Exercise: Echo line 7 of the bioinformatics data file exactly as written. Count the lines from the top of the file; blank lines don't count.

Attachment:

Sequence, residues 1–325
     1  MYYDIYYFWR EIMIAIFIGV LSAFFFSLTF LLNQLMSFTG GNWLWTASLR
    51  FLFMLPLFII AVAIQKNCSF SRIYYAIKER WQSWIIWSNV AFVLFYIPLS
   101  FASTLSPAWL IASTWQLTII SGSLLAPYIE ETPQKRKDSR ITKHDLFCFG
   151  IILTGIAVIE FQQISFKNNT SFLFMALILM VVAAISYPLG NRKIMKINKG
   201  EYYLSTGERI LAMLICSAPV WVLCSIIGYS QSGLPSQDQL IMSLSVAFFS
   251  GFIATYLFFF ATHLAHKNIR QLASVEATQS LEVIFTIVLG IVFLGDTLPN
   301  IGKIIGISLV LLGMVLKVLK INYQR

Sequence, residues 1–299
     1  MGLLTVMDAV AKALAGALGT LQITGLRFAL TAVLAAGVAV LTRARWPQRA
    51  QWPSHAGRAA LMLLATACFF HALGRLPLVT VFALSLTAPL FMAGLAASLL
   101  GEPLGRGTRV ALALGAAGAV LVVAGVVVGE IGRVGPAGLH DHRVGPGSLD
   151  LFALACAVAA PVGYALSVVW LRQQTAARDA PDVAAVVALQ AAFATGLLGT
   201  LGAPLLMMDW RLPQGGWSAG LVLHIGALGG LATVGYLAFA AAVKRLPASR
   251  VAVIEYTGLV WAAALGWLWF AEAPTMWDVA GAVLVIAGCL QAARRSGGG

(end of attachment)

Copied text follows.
   251  GFIATYLFFF ATHLAHKNIR QLASVEATQS LEVIFTIVLG IVFLGDTLPN